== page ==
Skip to main content

Intel References 9000-Series Chips Under 8th Gen Branding on Microcode Guidance Page

Intel inadvertently listed its new 9000-series processors on its Microcode Update Guidance and 8th generation specifications documents. Confusingly, this indicates the 9000-series processors are part of the 8th gen family.

The microcode guidance document provides a list of processors that have received patches for the Spectre and Meltdown vulnerabilities, but lately, it has also included unreleased models.

Intel 6+2 ProcessorsCacheCoresCore Freq. (base/boost GHz) Graphics CoresGraphics Freq (base/boost GHz)DDR4 MT/sTDPSocket
Core i5-94009MB62.9 / 4.120.35 / 1.05 266665W1151
Core i5-95009MB63 / 4.320.35 / 1.1266665W1151
Core i5-96009MB63.1 / 4.520.35 / 1.15266665W1151
Core i5-9600K9MB63.7 / 4.520.35 / 1.15266665W1151
Core i5-9400T9MB61.8 / 3.420.35 / 1.05266635W1151
Core i5-84009MB62.8 / 4.020.35 / 1.05266665W1151
Core i5-85009MB63 / 4.120.35 / 1.1266665W1151
Core i5-86009MB63.1 / 4.320.35 / 1.15266665W1151
Core i5-8600K9MB63.6 / 4.320.35 / 1.15266665W1151

Like Intel's current products, the 9000-series Core i5 processors fall into the 6+2 lineup, which means they come with six CPU cores and GT2 graphics. Intel listed the 9000-series processors under the Coffee Lake S family, so they are destined for the mainstream desktop segment.

The processors drop into the LGA 1151 interface, but we aren't sure if they will be compatible with current-gen Z370 motherboards. Aside from minor adjustments to the base and boost frequencies, the Core i5 9000-series processors are strikingly similar to their 8000-series counterparts. It is possible that Intel has made other adjustments, such as adding Indium solder between the heat spreader and die. The documents list six physical CPU cores but do not indicate if Hyper-Threading is enabled.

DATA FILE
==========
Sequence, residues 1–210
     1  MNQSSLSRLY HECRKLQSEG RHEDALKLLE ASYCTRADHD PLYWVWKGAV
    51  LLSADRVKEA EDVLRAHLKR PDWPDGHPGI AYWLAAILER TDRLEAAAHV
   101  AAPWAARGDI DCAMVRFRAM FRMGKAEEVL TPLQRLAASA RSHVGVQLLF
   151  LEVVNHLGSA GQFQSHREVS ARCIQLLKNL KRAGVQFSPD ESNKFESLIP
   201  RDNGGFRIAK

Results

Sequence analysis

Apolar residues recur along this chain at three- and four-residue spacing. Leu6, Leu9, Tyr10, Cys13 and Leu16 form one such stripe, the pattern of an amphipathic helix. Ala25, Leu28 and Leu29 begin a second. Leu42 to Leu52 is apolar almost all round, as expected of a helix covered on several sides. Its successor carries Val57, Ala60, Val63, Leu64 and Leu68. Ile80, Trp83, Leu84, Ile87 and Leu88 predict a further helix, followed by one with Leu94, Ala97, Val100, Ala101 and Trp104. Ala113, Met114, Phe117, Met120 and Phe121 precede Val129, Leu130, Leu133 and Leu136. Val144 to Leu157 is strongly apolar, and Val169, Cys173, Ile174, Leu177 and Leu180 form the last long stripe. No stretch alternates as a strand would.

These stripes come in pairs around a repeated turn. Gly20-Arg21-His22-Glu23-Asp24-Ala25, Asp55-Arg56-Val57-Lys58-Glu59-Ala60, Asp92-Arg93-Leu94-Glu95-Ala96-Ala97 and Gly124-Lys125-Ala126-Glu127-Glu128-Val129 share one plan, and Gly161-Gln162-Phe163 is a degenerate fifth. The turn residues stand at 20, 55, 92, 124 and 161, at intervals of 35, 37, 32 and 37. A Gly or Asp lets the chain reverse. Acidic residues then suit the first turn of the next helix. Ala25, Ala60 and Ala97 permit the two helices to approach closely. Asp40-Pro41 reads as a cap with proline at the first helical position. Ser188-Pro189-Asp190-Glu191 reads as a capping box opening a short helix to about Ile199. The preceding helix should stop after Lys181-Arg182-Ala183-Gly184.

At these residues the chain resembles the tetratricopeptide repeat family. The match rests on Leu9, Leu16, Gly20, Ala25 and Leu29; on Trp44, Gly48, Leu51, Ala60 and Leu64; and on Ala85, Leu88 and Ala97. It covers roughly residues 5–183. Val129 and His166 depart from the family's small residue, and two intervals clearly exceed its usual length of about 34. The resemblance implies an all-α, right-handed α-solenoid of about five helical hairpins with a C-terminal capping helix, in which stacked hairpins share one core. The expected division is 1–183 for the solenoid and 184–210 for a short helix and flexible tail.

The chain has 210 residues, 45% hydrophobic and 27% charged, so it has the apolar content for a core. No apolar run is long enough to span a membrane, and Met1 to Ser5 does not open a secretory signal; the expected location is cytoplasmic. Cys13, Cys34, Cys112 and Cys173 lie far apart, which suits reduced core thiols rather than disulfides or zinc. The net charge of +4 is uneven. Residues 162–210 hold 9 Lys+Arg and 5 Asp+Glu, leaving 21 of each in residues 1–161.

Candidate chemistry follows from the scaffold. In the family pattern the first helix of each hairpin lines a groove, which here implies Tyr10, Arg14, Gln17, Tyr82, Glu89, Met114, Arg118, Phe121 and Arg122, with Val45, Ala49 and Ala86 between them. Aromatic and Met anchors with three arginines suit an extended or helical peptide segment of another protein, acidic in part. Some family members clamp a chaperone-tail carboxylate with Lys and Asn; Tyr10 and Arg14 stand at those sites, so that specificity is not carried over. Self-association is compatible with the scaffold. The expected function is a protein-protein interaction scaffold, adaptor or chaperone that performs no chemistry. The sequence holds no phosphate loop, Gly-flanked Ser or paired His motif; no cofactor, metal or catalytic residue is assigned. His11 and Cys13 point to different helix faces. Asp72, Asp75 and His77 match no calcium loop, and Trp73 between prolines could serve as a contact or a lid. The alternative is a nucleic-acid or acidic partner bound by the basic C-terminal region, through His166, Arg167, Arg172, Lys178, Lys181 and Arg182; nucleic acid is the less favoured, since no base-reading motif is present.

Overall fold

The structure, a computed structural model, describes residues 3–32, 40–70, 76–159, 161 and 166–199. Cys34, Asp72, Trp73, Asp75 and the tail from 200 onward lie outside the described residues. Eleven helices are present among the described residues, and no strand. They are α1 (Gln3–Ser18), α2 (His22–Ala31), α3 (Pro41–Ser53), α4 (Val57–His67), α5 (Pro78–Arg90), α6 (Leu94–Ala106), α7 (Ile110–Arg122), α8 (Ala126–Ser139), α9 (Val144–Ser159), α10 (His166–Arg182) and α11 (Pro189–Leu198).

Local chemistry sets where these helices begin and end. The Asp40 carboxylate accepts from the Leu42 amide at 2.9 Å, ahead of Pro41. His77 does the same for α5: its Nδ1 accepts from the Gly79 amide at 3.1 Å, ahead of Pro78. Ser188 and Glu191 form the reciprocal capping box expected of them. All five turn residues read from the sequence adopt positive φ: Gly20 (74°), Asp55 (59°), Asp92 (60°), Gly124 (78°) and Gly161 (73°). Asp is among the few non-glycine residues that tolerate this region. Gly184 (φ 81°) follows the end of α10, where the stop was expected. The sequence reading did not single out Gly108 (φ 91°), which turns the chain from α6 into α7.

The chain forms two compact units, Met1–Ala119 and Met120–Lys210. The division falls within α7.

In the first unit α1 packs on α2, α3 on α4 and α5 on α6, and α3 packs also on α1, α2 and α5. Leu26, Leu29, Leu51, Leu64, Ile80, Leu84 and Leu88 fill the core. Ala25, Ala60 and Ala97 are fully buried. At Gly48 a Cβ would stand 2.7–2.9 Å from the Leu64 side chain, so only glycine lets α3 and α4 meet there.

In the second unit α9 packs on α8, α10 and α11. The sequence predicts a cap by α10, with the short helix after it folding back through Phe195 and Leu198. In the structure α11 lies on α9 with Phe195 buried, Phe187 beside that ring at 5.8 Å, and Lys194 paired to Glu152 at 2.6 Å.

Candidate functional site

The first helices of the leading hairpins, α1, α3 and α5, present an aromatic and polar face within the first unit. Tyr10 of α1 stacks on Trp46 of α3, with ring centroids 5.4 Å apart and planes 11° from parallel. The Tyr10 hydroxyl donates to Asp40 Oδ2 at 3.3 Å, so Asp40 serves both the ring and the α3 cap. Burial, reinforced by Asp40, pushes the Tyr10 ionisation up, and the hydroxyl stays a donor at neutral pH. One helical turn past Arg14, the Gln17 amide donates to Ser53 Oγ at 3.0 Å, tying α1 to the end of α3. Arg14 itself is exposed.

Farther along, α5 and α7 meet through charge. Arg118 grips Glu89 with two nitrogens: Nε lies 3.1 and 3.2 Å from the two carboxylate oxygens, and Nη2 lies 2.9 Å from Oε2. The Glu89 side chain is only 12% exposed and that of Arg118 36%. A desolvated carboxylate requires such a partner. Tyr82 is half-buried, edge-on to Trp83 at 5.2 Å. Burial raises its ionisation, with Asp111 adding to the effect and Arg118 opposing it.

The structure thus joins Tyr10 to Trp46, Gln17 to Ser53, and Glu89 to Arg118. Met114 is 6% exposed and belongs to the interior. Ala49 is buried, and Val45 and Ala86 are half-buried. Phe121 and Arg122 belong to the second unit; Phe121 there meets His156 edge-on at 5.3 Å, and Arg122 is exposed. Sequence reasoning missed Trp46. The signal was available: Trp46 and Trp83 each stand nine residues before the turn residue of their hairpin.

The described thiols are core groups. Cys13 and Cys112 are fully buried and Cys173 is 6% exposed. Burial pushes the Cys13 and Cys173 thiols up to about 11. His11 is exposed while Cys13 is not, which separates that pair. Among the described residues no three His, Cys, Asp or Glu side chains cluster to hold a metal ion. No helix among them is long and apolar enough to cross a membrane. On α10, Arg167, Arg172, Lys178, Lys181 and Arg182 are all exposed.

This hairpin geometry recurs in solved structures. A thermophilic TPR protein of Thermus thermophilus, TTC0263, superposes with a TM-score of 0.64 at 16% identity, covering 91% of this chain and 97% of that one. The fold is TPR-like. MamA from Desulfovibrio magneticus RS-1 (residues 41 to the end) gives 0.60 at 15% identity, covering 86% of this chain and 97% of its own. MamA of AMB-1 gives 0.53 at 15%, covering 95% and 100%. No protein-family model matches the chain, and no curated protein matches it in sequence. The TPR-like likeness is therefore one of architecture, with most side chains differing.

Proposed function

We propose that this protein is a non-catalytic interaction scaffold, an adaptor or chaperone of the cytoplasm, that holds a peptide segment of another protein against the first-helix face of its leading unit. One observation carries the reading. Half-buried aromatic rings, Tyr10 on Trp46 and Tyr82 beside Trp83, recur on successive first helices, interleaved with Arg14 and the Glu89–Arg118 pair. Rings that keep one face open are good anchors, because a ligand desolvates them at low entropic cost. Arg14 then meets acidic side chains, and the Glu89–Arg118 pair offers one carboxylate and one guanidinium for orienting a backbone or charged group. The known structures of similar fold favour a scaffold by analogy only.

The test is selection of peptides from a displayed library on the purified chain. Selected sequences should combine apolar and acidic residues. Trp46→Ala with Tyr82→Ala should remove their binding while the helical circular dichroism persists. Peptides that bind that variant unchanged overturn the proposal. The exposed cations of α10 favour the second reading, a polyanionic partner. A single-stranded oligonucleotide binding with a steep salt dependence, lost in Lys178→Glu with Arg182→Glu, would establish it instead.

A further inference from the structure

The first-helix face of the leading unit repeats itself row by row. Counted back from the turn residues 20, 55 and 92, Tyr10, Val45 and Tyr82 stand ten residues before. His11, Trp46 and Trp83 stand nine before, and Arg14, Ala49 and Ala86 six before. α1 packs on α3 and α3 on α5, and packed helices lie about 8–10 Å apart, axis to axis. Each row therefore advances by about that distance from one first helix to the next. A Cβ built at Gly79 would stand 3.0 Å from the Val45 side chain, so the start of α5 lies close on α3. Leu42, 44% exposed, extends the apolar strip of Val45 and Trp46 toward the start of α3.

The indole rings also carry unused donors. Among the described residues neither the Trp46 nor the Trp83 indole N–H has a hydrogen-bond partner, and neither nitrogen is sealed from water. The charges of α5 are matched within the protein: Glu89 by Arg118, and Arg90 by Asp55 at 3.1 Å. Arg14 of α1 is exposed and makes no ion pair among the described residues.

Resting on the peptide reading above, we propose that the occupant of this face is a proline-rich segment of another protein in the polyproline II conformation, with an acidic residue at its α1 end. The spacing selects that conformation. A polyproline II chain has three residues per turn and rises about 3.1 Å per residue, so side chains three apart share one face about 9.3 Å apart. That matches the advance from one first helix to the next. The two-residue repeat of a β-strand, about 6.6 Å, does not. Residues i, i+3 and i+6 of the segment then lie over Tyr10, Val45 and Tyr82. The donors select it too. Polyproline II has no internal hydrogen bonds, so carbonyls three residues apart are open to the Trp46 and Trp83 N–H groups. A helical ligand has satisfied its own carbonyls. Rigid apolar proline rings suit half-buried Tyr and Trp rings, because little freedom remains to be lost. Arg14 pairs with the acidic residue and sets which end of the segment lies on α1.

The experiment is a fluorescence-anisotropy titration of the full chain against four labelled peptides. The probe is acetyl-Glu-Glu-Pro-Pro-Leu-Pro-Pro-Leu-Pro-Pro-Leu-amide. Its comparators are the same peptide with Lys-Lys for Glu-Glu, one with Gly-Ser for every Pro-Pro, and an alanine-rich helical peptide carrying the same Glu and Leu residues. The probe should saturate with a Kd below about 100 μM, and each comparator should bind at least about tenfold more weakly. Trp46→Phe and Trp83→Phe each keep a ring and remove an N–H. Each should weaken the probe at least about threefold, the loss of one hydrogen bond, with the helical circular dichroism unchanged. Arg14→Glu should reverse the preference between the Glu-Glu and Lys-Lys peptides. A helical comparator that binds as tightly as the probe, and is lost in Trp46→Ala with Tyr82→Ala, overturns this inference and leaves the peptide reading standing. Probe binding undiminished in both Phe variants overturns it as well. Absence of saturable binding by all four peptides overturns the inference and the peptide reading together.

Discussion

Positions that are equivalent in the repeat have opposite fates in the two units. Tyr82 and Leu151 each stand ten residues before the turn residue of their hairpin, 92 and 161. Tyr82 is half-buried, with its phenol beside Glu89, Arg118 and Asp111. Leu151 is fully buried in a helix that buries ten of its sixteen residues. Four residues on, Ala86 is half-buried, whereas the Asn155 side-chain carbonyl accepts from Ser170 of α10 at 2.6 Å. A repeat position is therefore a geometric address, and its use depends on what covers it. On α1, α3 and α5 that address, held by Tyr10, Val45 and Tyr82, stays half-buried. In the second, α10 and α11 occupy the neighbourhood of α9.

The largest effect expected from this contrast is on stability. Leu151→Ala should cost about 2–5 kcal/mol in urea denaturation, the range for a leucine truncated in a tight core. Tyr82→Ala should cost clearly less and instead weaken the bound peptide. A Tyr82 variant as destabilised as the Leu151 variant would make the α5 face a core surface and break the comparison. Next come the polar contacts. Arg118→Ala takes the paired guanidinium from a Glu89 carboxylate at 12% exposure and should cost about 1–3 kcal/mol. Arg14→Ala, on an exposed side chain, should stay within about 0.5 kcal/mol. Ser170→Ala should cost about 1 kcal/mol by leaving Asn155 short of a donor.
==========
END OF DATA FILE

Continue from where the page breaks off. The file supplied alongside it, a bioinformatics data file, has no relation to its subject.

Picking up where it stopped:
Intel 4+2  ProcessorsCacheCoresCore Freq. (base/boost GHz) Graphics CoresGraphics Freq (base/boost GHz)DDR4 MT/sTDPSocket
Core i3-91006MB43.7 / 3.720.35 / 1.1240065W1151
Core i3-90006MB43.7 / 3.720.35 / 1.1240065W1151
Core i3-81006MB43.6 / 3.620.35 / 1.1240065W1151

The new Core i3 models are 4+2, meaning they come equipped with four CPU cores and GT2 graphics. Curiously, Intel lists the same specifications for the Core i3-9100 and i3-9000 in its official specifications document, which might be a data entry error. Intel does not have a comparable previous-gen processor, so we'll have to wait for more information.

Intel listed the Core i5 and Core i3 9000-series processors on its microcode update document, which means they will not come with the in-silicon fixes for Spectre and Meltdown that the company announced will arrive this year. As such, these processors will suffer from many of the same performance reductions we've seen with Intel's current Coffee Lake processors.

Intel's Core i7, and the rumored eight-core Core i9, are conspicuously absent from the list. This might indicate that those processors will be the first models with in-silicon mitigations, or that Intel doesn't have microcode-based mitigations prepared for the Core i7 and i9 models yet. Intel's Core i9 processors are rumored to come with eight cores, which necessitates a new die design, so they are the likely inflection point for the new silicon-based mitigations.

Also, these processors will not come with a new microarchitecture. Instead, they will come with the Coffee Lake design. Intel's 8000-series processors currently include processors built on the 14nm+, 14nm++ and 10nm manufacturing processes. Intel has officially stated that its 10nm process is delayed until 2019, so it's safe to assume that the new Coffee Lake S models will use either the 14nm++ process or yet another refined iteration (14nm+++).

CacheCoresCore Freq. (base/boost GHz)Graphics CoresGraphics Freq (base/boost GHz)DDR4 MT/sTDPSocket
Core i5-8650K9MB63.7 / 4.520.35 / 1.15266695W1151
Core i5-86509MB63.1 / 4.520.35 / 1.15266695W1151

Intel also listed the Core i5-8650K and Core i5-8650, which are 8000-series processors that have yet to come to market.

The document lists all of the new processors as in production, so the launch is imminent. Intel hasn't issued a formal announcement for the new processors, but we've reached out for comment.